When you’re at the beach, enjoying the ocean surf, you’re experiencing a wave motion. Ripples on a pond, musical sounds we can hear, other sounds we can’t hear, the wiggles of a Slinky TM stretched out on the floor-all these are wave phenomena. Waves can occur whenever a system is disturbed from its equilibrium position and when the disturbance
can travel or propagate from one region of the system to another. Sound, light, ocean waves, radio and television transmission, and earthquakes are all wave phenomena. Waves are important in all branches of physical and biological science; indeed, the wave concept is one of the most important unifying threads running through the entire fabric of the natural sciences.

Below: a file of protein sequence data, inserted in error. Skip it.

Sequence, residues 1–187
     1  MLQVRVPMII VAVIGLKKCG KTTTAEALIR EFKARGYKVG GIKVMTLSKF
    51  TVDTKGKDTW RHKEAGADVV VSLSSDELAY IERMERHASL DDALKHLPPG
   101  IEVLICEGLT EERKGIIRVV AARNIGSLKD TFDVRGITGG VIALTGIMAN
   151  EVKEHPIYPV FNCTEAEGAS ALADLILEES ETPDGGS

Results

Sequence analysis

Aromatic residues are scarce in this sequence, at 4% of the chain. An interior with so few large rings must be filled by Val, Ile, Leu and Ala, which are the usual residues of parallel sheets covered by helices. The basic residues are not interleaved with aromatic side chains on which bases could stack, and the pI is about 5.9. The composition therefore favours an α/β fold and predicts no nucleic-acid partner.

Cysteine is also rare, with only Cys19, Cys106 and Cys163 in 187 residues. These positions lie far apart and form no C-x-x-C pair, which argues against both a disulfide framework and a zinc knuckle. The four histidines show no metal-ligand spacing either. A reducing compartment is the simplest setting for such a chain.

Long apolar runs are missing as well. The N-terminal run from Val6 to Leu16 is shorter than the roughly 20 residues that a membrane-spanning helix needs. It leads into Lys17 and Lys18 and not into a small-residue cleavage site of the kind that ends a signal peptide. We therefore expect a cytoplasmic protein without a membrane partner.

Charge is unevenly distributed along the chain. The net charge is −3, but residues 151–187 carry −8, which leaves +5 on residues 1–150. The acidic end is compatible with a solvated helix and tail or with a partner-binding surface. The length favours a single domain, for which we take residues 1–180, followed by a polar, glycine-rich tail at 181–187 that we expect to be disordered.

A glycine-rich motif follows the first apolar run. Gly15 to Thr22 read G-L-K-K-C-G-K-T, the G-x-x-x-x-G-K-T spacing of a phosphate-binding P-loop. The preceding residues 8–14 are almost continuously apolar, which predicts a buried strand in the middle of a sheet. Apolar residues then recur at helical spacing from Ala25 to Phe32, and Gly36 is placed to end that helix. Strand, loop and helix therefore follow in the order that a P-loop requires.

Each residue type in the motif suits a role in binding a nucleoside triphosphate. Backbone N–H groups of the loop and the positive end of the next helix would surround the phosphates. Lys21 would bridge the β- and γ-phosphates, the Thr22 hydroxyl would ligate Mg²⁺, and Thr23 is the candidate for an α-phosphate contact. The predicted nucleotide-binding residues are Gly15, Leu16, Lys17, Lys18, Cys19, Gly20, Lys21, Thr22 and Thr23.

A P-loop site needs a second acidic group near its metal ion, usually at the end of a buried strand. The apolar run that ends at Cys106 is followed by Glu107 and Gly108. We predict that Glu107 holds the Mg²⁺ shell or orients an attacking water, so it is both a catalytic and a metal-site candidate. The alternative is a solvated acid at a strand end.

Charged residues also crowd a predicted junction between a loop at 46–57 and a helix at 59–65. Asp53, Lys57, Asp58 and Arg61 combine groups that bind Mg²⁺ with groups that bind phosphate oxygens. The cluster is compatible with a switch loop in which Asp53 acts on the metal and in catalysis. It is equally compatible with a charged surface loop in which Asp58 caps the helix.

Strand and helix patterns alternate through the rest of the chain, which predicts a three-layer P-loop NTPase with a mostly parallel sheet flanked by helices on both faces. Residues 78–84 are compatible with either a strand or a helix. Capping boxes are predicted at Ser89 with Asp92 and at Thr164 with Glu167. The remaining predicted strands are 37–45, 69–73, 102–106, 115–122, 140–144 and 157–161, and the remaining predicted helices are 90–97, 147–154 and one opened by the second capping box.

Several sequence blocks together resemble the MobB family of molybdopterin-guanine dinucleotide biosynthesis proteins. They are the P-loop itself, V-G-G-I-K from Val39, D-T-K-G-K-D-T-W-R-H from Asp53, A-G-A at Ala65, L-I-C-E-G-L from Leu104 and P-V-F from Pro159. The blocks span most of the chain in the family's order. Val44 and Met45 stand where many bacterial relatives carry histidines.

This chapter and the next two are about mechanical waves, waves that travel within some material called a medium. We’ll begin by deriving the c equations for describing waves, including the important special f periodic waves in which the pattern of the wave repeats itself as propagates, Chapter 20 deals with what happens when two or _ the same space, giving rise to interference, and scummed with a particularly important type of mechanical called are mechanical in nature. Another broad class is es including light, radio waves, infrared and ultraviolet ora) . and gamma rays. No medium is needed for they can travel through empty space. Yet another class is the wavelike behavior of atomic and subatomic behavior forms part of the foundation of quantum mechanic- -c theory that is used for-the analysis of atomic and molecular . We will return to electromagnetic waves in later chapters. we can learn the essential language of waves in the context of mechanical waves.